I was talking to one of the broker who listed multi family commercial property on loopnet. In order to save time, I contacted him directly to get some details rather than asking my broker. Once I realized that numbers make sense, I told him I will be bringing my broker whom I trust to take care of rest of the transactions. It was out of state investment for me. Looks like he got offended as soon as I told him I will get broker and refused to share 2.5 % commission with him. Just wanted to get some opinions on how to avoid such situations in future -
1. For commercial multi families, isnt buyer expected to bring his broker? My purpose of bringing the buyer broker wasnto ensure our best interests are taken care of. It is also an out of state investment for us.
2. From communication perspective - Am I not allowed to talk to Seller broker directly if I am planning to bring in buyer broker? Perhaps clarifying on my 1st communication may have made things clearer.
Commercial/Residential buyers are entitled to have their own agents. You should have disclosed to the listing broker that you have an agent during your first contact. Listing brokers hate this scenario where Buyer's agents are bought into transaction at a later stage.
Generally the communication is between listing and buyer's agents. Seller/Buyer only communicate to their respective agents unless absolutely required and never bypass the agents.
In this case, the listing agent might have assumed they are representing both sides and are going to be paid dual commission. Listing agents pay Buyer's agent for procuring the client but in this case you saw their listing on Loopnet and their advertisement/marketing procured the buyer.
What is the deal size? For institutional grade capital markets sales there is almost never a fee for Buyer's agent, I suspect that is not the case here however.
I agree with @Vic Reddy , you should have disclosed the fact that your represented earlier or simply brought in your agent from the beginning.
The listing agent may have been frustrated for any number of reasons, for example I will almost always offer a reduced commission to my clients if I am able to procure a Buyer (6% if outside broker involved or 4/5% of I find the Buyer). This incentives me to work harder while saving the client money etc. I also have weekly/monthly reporting calls with clients to discuss prospects and progress, if the listing agent disclosed you as a Buyer to his client and categorized it as a direct deal you have now put him in a tough spot with is client. If the Seller wanted too he could say "tough luck" and pay only the reduced fee. Remember the listing agent is beholden to his clients directives and may have his hands tied. You may find yourself in a situation with the Seller re-trading the deal.... "Price is $X, if he wants to bring in his agent this late then price is $X + buyers agent fee".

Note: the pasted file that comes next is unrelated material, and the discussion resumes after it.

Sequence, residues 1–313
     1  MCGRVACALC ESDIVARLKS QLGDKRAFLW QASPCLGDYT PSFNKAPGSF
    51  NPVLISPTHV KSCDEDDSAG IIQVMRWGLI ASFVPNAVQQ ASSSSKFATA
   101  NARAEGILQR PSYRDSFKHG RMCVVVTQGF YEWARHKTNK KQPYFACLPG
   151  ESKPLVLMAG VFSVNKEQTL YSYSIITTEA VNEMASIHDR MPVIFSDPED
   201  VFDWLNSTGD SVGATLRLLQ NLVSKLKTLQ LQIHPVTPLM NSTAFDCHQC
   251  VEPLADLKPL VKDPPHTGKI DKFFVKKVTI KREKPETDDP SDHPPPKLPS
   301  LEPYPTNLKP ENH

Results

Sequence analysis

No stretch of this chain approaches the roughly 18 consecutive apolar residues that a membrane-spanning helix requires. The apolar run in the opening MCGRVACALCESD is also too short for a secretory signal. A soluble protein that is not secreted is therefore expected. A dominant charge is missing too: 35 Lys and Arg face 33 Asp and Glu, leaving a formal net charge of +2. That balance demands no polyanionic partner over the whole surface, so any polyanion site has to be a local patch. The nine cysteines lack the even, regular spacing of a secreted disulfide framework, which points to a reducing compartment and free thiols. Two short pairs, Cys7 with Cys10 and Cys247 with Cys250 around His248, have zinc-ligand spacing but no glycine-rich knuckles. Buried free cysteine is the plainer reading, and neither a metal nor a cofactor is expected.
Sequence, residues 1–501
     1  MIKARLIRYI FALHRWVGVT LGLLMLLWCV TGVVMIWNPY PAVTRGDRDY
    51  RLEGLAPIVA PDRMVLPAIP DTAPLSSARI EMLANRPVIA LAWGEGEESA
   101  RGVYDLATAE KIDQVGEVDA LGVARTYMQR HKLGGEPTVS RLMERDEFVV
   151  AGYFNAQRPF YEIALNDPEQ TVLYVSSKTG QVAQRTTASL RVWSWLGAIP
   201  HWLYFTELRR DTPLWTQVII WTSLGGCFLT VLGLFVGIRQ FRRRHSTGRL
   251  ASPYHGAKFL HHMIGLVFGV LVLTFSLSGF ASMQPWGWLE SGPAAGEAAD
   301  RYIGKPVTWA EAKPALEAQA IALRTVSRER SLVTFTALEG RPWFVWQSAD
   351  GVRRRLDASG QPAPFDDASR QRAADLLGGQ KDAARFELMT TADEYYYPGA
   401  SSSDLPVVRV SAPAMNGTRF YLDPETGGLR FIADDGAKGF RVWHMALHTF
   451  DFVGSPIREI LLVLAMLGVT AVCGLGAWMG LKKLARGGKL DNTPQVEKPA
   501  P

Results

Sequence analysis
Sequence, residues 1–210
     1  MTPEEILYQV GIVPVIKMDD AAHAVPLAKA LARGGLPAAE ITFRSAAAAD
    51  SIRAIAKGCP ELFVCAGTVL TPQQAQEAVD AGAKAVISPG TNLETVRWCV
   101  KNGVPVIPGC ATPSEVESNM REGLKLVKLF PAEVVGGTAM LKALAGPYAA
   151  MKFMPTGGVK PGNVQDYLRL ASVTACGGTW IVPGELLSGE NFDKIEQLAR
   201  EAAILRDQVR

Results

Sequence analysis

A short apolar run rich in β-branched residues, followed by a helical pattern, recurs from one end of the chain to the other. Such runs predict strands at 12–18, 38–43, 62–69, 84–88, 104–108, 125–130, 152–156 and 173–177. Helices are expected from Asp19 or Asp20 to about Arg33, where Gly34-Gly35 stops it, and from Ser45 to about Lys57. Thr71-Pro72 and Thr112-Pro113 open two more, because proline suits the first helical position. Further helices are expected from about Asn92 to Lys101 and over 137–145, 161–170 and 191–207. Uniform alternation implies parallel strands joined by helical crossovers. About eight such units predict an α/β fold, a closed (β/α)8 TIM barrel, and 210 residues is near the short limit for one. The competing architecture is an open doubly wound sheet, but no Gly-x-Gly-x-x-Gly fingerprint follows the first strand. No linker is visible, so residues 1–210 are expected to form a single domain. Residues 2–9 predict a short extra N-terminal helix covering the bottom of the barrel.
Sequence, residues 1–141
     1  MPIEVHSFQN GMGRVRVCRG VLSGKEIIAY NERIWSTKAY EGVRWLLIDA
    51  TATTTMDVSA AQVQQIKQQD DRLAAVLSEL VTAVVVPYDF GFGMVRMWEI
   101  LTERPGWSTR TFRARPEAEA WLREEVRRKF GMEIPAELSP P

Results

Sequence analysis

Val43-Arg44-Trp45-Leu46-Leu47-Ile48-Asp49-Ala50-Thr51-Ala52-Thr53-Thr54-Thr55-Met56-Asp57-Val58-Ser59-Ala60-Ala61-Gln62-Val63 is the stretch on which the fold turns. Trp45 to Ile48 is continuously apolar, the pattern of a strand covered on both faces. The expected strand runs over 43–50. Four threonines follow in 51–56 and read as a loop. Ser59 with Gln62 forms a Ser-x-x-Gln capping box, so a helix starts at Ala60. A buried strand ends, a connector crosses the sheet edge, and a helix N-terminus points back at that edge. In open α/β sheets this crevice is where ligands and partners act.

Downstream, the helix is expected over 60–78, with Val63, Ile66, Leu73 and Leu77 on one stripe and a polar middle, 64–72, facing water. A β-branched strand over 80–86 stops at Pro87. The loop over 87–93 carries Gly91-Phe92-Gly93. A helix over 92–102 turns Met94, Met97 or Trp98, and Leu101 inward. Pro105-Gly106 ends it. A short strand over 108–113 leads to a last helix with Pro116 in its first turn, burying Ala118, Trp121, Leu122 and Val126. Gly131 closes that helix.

It may also be the case that the listing agent simply wants the full fee, who wouldnt right? Because your agent didnt source the deal or do any underwriting it would not be out of line to ask him to accept a reduced commission simply for transacting the deal. If one of my clients called me and said "I found a property, finished underwriting and want to submit an offer but you only get 1.5%" I would jump all over it. much of the heavy lifting has been done.
Something else to consider, if you value your agents input/involvement so highly it isn't out of the question for you to pay some or all of his/her fee (see above point on reduced commission).
If you want to get a legal opinion, Seller could likely win his dual commission assuming you're willing to close.
If you find something you like send it to your buyer broker and discuss. THEN look at putting in an LOI with your buyers broker.
Nothing scares the h&ll out of a listing broker or a direct seller than a buyer that is all over the place and nobody has control of the process.
The buyer broker ( who does this for a living ) will usually be better at having a discussion with the seller ( non-listed) or a listing broker to gather key information. If you call likely the seller or listing broker will get more tactical information about you than you do about them.
With commissions I tend to have a different philosophy. Some listing brokers take cheap commissions to do volumes or get a large portfolio to sell. Has nothing to do with me. I do not get the benefit of selling all those properties. I put my fee in the LOI regardless of what the listing broker has taken as a total fee. Also the listing broker sometimes try not to split the fee 50/50 and put more on their side.
I put in LOI so and so is getting 50% and so and so is getting 50%. That way I catch them if they are trying to take more on their side then on mine.
I do not agree to fee per separate agreement either. The listing brokers try to put the fee aside. I have in LOI seller will pay XX commission to me at closing, as a condition of closing.